Massachusetts Governor Deval Patrick has scheduled the special election to fill the US Senate seat vacated by the death of Senator Edward Kennedy’s seat.

The date is January 19, 2010, with primaries on December 8 of this year.

While Patrick has started the ridiculously slow election timetable, he is still angling to appoint a “temporary senator” to occupy the seat until late January.

To do that, Patrick must get the legislature to change Massachusetts election law, and the governor just lost the best card he had to play.

Victoria Reggie Kennedy, the lion of the Senate’s widow, was being promoted by senior senators, including Utah Republican Orrin Hatch, who were close to Kennedy. And that would have made it easier to sell her as a short-term successor — a prospect that might have helped Patrick nudge Democratic legislators who are not so sure that manipulating rules regarding senatorial succession for partisan purposes is a good idea.

But, on Monday, Vicki Kennedy reportedly signaled to Patrick that she does not want to be considered for appointment or election to the seat.

That put another Kennedy name at the top of the list of Democratic prospects.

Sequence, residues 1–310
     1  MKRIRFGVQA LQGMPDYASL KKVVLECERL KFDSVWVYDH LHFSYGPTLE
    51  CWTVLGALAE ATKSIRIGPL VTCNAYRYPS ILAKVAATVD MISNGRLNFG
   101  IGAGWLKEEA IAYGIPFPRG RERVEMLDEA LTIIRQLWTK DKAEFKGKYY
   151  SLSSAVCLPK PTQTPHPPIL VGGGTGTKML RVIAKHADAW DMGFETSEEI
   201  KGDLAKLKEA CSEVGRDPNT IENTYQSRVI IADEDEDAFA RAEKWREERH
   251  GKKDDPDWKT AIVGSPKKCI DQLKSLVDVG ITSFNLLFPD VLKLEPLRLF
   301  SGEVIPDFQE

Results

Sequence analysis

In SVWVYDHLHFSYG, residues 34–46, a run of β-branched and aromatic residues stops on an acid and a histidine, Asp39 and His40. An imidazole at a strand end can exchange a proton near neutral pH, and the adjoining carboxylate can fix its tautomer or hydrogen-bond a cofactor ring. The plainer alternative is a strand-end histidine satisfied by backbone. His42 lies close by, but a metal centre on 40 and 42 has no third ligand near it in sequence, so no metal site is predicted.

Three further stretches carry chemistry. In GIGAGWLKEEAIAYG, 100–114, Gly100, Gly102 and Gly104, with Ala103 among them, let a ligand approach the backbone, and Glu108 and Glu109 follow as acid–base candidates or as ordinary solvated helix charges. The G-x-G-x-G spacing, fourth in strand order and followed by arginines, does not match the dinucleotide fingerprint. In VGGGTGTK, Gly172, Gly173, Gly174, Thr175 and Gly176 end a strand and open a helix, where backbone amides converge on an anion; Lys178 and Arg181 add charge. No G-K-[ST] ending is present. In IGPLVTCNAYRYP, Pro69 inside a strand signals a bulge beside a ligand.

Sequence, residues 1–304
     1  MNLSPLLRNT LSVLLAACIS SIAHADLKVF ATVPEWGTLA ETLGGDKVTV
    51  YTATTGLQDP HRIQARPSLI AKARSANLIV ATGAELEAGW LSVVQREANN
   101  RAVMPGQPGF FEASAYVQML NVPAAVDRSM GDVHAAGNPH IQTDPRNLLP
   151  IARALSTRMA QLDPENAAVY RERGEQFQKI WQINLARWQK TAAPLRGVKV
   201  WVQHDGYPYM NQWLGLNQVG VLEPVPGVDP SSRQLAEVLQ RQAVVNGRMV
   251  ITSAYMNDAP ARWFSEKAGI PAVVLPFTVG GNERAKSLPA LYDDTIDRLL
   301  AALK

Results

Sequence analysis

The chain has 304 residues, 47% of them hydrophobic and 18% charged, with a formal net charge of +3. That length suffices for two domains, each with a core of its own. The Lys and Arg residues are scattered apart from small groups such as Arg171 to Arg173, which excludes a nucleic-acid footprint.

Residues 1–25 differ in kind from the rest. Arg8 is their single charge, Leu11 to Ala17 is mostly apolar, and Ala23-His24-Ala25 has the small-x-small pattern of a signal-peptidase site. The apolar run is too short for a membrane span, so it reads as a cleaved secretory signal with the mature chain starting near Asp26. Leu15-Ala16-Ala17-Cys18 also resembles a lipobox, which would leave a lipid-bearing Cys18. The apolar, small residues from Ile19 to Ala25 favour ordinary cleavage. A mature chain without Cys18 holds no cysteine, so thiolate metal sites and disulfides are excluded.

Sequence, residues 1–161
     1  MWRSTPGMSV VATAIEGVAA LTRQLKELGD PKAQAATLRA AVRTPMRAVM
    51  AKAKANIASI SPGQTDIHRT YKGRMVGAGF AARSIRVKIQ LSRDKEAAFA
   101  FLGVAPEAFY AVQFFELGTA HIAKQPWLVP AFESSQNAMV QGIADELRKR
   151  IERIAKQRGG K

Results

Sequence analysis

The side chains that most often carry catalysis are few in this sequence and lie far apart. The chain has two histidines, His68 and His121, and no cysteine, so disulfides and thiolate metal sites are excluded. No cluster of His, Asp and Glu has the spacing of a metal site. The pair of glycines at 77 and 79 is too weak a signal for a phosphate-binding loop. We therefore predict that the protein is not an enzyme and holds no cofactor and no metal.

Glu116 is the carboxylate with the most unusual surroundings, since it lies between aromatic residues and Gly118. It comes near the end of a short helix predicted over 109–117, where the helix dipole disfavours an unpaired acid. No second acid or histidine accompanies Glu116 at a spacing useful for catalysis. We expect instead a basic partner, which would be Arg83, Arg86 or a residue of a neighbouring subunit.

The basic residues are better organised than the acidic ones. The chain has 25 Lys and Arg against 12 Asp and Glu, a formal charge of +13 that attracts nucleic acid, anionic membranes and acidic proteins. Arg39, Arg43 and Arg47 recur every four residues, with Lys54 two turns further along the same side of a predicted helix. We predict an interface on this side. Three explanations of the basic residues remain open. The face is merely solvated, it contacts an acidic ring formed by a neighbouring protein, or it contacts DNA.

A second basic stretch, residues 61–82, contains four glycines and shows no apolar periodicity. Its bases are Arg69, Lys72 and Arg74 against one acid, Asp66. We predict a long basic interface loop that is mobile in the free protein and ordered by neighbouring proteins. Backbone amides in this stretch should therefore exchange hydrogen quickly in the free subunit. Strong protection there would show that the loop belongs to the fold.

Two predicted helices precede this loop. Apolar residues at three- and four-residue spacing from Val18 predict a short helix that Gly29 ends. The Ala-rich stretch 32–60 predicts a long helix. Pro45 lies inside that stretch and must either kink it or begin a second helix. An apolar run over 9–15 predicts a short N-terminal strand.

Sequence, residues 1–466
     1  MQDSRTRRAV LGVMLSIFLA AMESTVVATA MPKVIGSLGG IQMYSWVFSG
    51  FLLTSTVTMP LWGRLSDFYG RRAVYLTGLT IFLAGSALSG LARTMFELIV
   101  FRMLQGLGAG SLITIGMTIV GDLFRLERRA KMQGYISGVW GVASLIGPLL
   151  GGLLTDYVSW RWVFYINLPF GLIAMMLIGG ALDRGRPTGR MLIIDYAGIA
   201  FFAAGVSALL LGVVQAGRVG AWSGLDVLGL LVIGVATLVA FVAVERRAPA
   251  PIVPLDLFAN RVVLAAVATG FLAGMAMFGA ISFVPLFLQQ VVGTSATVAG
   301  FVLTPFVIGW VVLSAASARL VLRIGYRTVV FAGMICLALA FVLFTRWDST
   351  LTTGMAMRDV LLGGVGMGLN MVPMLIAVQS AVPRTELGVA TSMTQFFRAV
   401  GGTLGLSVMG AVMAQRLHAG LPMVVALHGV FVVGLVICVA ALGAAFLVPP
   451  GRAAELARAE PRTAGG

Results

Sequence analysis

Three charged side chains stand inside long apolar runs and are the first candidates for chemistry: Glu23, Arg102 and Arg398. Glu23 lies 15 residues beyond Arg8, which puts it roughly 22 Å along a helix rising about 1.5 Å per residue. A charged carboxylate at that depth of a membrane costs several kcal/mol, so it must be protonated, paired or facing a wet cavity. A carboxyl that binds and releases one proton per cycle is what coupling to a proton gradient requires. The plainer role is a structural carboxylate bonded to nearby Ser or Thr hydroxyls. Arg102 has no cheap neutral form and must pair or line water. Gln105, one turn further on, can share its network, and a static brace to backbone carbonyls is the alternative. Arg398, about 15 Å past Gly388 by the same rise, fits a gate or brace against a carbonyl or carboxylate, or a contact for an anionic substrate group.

Former Congressman Joe Kennedy, the senator’s nephew, appears to be considering a run.

At least, that’s what Kennedy family friends are telling reporters.

Joe Kennedy would be a formidable contender. He’s got the name, $2 million in an old campaign account and some reasonably solid progressive credentials — since leaving Congress a decade ago (after 12 years service), he’s been in the forefront of efforts to lower energy prices and provide low-cost heating oil to the poor.

When Joe Kennedy served in the US House it was often suggested that he was a likely successor to his uncle. And he seemed to suggest an interest at a memorial service where he ruminated about the importance of public service and about his desire to achieve “the same goals and ideals that Senator Ted Kennedy lived his life for.”

Even if Joe Kennedy runs, Massachusetts Attorney General Martha Coakley, a popular official who has won statewide races, might enter the Democratic primary.

Democratic Congressmen Michael E. Capuano, Stephen F. Lynch and Edward J. Markey are less likely to challenge a Kennedy, as is former Congressman Martin T. Meehan, who quit the House two years ago to take over as to chancellor of the University of Massachusetts campus in his hometown of Lowell.

On the Republican side, former Lieutenant Governor Kerry Healey is prepping a run, while her old running mate, former Governor Mitt Romney, has taken himself out of the running.

The bottom line: Massachusetts will have a real race for the Senate seat Kennedy held for the better part of a half century.

The questions that remains are related:

Will Patrick and his legislative allies muddy the waters by changing the rules that bar an appointment?

And why don’t they simply set a more rapid schedule for the election — which is currently on a timeline that takes almost two more months than special election cycles in other states?